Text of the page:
The precautionary principle needs to be considered in the context of a more generic risk management framework, with clear guidelines that provide a systematic approach to setting the best course of action under uncertainty. Such an approach could assist in determining when and how the principle should be applied to manage risk and uncertainty while minimising potential economic costs. A key benefit is that it could support activities that foster development and innovation (that may not proceed otherwise), through focusing on alternative ways of implementing the precautionary principle, while still aiming to minimise or mitigate risks. This could enable the greatest returns to be achieved with acceptable results, costs and risks.

Currently in New Zealand, the precautionary principle is not being applied in the context of an integrated risk management framework (unlike in the European Union, the United States and Canada). There is also a lack of guidelines on implementation. Clear guidelines could help ensure a more consistent and subtle approach that explores a wider range of options.

Draft guidelines developed in Canada could be relevant to New Zealand and would be the most applicable from an operational perspective. Key benefits include: a more participatory approach and increased consistency with international commitments and across domestic legislation and regulatory regimes. Possible limitations include the potential cost of participatory processes and successful implementation being highly dependent on support from government agencies. Implementation issues would require further exploration.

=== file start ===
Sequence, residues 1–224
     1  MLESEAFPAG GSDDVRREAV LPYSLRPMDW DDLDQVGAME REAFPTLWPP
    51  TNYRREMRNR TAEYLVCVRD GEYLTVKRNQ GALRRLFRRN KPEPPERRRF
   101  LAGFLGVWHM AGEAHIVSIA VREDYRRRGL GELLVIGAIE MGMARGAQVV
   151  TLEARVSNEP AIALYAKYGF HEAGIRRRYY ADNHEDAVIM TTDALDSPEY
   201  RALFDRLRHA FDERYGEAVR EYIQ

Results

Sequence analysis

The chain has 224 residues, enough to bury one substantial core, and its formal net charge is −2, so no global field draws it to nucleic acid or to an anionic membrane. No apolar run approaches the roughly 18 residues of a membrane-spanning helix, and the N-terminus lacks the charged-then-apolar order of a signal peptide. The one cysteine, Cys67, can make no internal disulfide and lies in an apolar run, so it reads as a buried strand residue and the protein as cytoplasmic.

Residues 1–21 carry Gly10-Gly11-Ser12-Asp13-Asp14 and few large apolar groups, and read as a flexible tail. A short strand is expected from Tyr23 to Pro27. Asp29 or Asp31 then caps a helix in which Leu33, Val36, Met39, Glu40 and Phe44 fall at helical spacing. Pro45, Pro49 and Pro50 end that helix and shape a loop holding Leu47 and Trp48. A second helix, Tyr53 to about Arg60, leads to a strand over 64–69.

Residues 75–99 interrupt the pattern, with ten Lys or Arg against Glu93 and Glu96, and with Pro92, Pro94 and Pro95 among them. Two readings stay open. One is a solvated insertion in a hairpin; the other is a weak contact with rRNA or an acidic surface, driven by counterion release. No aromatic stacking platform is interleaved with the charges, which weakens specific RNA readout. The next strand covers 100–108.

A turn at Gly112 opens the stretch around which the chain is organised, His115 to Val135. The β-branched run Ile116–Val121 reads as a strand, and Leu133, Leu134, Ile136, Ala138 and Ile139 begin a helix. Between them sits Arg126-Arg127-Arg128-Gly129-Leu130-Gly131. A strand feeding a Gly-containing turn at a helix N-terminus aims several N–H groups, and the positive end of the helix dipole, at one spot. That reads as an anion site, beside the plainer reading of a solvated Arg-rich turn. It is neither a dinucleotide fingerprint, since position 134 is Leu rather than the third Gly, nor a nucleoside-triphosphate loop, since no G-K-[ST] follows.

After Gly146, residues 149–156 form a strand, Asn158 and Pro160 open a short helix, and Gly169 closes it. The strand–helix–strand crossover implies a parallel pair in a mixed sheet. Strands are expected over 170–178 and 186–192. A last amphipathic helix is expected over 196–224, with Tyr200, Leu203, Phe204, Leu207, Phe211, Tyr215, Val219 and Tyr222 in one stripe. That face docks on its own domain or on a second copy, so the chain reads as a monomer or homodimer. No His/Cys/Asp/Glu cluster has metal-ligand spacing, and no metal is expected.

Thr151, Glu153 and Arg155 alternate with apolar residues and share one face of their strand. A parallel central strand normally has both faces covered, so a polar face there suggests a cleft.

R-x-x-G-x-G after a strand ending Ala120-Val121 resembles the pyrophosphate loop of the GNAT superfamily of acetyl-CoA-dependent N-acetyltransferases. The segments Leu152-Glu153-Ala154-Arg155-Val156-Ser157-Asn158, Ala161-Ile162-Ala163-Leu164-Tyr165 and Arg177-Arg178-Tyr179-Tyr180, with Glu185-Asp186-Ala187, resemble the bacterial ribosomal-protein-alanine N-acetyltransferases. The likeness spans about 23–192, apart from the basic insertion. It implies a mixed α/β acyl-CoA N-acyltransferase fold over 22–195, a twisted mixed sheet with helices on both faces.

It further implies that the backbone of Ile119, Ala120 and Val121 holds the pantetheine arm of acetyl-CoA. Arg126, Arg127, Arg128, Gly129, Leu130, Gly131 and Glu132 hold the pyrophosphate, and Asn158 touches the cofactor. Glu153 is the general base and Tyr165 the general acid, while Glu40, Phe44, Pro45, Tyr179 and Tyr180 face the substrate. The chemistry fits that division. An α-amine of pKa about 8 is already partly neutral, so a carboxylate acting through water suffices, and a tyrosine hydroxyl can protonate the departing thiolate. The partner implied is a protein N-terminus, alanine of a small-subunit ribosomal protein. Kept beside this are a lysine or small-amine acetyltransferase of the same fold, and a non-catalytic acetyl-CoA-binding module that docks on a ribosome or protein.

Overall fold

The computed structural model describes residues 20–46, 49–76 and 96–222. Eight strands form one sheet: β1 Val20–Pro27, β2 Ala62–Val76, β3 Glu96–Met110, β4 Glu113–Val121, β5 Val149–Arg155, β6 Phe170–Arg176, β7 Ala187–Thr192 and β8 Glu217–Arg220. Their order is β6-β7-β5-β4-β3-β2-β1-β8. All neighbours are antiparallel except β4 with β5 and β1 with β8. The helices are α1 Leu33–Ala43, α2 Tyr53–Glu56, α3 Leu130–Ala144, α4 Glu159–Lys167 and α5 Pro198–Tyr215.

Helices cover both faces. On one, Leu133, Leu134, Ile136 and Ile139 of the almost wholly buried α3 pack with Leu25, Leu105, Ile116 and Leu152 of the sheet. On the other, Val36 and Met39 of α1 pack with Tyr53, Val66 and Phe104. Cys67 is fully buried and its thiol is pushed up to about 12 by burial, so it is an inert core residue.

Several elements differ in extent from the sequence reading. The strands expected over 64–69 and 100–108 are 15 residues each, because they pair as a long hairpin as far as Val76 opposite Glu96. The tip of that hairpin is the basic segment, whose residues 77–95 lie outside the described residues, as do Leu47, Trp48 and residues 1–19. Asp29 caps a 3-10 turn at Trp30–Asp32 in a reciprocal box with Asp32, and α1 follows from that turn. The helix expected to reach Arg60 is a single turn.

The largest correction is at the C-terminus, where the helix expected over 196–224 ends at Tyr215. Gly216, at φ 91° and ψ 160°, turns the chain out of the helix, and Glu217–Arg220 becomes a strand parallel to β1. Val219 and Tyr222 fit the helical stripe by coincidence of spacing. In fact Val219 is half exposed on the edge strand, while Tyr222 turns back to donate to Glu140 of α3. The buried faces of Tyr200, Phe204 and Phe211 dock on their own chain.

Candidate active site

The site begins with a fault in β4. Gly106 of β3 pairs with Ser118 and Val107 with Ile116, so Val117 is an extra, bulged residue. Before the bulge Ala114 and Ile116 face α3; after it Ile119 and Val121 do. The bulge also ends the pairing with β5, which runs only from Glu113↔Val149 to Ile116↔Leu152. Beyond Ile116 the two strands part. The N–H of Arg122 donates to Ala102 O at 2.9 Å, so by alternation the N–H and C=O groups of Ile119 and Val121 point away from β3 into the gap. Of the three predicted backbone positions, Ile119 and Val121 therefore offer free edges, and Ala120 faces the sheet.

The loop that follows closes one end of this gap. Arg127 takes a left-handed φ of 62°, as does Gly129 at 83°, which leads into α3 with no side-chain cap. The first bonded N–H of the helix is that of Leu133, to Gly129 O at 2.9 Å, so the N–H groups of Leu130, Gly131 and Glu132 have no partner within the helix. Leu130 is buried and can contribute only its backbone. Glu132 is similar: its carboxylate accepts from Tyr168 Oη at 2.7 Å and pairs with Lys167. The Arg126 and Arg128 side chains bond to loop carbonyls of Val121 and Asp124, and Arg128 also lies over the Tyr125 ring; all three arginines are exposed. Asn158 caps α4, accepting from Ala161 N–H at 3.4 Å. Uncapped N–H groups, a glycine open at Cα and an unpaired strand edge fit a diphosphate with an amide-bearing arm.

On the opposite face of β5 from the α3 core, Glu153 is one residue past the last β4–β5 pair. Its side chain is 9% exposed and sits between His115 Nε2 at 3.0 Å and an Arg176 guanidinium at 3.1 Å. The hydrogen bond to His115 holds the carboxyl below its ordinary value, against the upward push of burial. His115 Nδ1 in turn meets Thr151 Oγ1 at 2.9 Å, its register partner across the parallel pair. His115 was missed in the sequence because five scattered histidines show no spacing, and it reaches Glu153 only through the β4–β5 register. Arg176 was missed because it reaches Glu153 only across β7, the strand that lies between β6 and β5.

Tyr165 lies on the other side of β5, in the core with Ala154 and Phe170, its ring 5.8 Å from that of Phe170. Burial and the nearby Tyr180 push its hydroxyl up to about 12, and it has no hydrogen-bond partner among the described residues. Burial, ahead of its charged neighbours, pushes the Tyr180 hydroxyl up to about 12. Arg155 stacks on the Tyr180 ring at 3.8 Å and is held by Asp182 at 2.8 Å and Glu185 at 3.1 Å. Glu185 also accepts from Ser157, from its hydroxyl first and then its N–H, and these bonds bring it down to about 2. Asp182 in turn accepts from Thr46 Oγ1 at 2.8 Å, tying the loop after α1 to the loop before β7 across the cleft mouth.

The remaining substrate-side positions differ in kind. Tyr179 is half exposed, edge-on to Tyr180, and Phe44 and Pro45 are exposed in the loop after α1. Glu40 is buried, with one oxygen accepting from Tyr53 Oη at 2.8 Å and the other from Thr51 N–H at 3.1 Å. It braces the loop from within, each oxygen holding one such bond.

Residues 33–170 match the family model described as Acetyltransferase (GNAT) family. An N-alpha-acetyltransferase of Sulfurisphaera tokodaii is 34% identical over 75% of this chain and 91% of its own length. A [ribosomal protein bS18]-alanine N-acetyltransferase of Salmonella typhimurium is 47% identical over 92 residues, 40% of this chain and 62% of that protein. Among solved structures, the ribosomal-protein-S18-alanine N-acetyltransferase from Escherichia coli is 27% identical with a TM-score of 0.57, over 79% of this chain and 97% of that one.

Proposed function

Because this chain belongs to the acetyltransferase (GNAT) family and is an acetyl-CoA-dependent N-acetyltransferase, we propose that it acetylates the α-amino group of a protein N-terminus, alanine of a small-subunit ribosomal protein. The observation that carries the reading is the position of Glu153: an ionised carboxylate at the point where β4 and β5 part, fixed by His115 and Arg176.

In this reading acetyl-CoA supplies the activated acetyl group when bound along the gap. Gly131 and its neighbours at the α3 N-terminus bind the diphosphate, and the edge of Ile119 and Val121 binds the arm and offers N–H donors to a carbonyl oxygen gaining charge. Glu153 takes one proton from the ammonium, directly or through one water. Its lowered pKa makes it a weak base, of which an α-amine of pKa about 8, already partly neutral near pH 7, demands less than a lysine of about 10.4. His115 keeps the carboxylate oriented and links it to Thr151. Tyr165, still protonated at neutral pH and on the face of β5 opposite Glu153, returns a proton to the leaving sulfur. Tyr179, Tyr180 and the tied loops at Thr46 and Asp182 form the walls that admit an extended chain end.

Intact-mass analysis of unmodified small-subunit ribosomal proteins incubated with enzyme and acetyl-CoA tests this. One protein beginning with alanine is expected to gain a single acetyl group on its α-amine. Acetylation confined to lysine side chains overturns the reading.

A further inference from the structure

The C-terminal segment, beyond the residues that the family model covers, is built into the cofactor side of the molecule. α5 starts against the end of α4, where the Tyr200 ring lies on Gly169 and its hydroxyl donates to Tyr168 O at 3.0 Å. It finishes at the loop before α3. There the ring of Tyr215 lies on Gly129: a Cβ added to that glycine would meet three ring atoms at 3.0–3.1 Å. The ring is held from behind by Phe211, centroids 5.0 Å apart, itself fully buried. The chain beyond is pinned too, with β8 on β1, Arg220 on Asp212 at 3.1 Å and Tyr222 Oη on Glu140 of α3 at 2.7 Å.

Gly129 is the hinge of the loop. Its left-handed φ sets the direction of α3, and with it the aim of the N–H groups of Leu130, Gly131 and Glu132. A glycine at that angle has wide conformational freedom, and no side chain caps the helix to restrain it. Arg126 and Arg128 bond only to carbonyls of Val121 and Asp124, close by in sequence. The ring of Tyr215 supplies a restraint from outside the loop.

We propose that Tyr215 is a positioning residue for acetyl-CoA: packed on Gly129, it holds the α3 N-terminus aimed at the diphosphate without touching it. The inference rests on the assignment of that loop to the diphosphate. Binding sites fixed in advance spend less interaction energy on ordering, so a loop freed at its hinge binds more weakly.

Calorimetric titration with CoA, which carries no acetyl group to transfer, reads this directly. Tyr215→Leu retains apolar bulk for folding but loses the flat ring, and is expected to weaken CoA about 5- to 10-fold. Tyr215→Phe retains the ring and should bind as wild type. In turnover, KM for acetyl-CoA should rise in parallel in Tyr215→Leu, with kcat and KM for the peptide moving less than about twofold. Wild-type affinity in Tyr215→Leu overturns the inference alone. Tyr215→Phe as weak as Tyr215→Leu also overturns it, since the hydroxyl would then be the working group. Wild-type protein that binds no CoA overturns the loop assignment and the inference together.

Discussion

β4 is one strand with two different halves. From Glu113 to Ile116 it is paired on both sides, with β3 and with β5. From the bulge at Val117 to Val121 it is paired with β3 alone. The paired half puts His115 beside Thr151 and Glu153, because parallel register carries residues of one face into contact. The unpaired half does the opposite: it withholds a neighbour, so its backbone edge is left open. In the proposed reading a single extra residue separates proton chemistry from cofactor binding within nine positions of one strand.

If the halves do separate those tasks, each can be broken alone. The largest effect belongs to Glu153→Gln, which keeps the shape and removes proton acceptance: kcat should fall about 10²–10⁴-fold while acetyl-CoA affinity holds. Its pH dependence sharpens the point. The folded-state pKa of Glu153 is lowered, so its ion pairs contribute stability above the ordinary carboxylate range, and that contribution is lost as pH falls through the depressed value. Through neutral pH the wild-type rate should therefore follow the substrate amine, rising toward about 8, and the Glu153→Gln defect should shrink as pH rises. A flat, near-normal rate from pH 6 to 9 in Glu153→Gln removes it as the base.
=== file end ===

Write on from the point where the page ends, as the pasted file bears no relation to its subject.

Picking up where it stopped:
This working paper is available to view or download in Adobe PDF format: tpp06-06.pdf (157 KB)

Copyright Crown Copyright. The Treasury, 1 The Terrace, PO Box 3724, Wellington, NEW ZEALAND.

Tel: +64 4 472 2733. Fax: +64 4 473 0982. Email: Treasury Webmaster.


Rachel's Precaution Reporter offers news, views and practical examples of the Precautionary Principle, or Foresight Principle, in action. The Precautionary Principle is a modern way of making decisions, to minimize harm. Rachel's Precaution Reporter tries to answer such questions as, Why do we need the precautionary principle? Who is using precaution? Who is opposing precaution?

We often include attacks on the precautionary principle because we believe it is essential for advocates of precaution to know what their adversaries are saying, just as abolitionists in 1830 needed to know the arguments used by slaveholders.

Rachel's Precaution Reporter is published as often as necessary to provide readers with up-to-date coverage of the subject.

As you come across stories that illustrate the precautionary principle -- or the need for the precautionary principle -- please Email them to us at rpr@rachel.org.

Peter Montague - peter@rachel.org
Tim Montague - tim@rachel.org